Punitive damages are designed to punish. A Court uses punitive damages to make an example of a defendant in order to keep others from committing a similar wrongful act. Punitive damages are rare in a breach of contract case except bad faith insurance claims (e.g., when an insurance denies a claim for an invalid reason).
A non-breaching party has a duty to mitigate damages. In other words, a non-breaching party has the duty to take reasonable steps to minimize damages. The failure to mitigate damages may cause the victim to only be allowed to recover damages that would have resulted if mitigated. In our truck example, say the truck was purchased and was to be delivered on January 5, to allow the buyer to perform a delivery job for $500.00. Delivery was late. The delivery contract was lost. However, suppose the buyer could have rented a truck for $150.00. However, he failed to do this. His damages would therefore only be $150.00.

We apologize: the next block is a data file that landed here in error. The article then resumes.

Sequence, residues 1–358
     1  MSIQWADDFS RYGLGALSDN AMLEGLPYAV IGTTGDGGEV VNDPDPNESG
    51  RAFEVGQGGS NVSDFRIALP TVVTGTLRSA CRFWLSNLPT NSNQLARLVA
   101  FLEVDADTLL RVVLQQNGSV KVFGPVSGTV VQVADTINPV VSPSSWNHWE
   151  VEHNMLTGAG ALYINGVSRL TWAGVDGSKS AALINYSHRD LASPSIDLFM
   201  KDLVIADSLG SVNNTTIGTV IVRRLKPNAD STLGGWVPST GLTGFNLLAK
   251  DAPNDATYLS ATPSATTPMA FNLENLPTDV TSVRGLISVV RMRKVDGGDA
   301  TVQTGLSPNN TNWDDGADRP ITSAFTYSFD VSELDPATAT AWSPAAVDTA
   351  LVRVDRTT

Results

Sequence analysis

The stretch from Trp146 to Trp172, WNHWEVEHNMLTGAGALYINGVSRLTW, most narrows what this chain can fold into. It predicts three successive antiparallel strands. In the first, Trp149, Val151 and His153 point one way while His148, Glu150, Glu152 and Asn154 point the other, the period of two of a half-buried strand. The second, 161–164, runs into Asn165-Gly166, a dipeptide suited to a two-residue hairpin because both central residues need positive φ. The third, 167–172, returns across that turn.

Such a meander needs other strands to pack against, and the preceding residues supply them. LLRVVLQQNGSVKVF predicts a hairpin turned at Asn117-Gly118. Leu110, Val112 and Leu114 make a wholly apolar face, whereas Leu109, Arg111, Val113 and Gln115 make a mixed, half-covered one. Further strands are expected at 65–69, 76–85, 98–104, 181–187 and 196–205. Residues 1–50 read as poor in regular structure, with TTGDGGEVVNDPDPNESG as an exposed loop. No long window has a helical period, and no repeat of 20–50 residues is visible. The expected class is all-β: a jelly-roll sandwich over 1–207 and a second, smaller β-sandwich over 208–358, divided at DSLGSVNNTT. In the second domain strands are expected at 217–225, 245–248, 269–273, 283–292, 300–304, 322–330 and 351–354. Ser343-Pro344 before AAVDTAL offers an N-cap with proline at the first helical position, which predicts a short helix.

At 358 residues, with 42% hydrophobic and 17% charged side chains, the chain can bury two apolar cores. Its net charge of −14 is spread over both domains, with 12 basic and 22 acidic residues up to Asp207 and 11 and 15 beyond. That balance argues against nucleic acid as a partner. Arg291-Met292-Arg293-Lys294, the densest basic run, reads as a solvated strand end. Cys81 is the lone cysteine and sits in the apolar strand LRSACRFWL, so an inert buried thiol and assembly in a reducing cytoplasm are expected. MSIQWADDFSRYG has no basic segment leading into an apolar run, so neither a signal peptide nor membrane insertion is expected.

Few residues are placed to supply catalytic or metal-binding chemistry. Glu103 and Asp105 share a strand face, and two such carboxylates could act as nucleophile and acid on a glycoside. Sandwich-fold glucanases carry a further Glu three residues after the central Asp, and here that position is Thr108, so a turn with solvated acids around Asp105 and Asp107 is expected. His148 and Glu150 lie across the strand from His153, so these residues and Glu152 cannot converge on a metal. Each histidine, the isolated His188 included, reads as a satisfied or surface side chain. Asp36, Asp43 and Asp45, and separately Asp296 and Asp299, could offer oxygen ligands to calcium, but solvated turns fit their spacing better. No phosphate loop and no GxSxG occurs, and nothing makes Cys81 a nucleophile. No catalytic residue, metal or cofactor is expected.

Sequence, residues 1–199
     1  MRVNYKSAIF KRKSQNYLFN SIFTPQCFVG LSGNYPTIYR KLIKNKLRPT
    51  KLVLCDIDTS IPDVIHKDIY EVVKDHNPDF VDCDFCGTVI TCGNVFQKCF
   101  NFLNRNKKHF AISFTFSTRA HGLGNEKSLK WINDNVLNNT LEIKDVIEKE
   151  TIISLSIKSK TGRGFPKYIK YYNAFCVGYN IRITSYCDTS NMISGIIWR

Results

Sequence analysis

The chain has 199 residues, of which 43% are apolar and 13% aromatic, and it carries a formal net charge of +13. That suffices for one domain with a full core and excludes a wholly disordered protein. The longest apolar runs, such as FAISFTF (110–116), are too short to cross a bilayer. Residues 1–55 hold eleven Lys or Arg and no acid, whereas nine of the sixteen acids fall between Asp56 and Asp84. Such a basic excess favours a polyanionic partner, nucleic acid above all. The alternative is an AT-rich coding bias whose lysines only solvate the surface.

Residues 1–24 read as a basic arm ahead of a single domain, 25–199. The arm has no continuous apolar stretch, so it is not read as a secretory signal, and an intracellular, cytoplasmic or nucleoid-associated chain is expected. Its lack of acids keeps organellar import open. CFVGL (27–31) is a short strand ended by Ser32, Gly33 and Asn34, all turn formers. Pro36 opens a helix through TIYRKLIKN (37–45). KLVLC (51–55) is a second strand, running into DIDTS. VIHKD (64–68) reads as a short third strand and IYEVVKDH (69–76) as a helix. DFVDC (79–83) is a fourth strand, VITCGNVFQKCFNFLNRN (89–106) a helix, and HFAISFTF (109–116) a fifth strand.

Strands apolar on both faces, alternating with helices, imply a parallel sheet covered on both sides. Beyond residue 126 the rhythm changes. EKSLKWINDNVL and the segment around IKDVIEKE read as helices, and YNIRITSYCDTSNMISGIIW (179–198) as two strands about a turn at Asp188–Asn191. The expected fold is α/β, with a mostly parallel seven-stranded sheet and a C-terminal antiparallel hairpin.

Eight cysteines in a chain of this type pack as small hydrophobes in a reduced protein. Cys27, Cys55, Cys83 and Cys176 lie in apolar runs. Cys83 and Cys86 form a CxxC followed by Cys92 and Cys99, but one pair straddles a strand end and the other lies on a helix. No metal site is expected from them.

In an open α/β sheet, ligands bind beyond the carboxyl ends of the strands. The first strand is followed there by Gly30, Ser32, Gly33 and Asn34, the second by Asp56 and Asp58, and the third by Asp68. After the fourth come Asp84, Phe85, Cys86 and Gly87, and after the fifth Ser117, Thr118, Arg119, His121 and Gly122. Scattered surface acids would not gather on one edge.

An appropriate remedy for a breach may be rescission of the contract. This places the parties in the position they would have been had the contract never been entered into. For example, money is returned to the buyer and the buyer returns the merchandise to the seller. If performance has been involved, the performing party may get the reasonable value of his performance under an unjust enrichment theory. Suppose that pursuant to a contract for the sale of land, a buyer has taken possession and made substantial improvements. If the contract is rescinded, the buyer will return the land and the seller will return the money. However, the seller may have to pay the buyer the reasonable value of the improvements.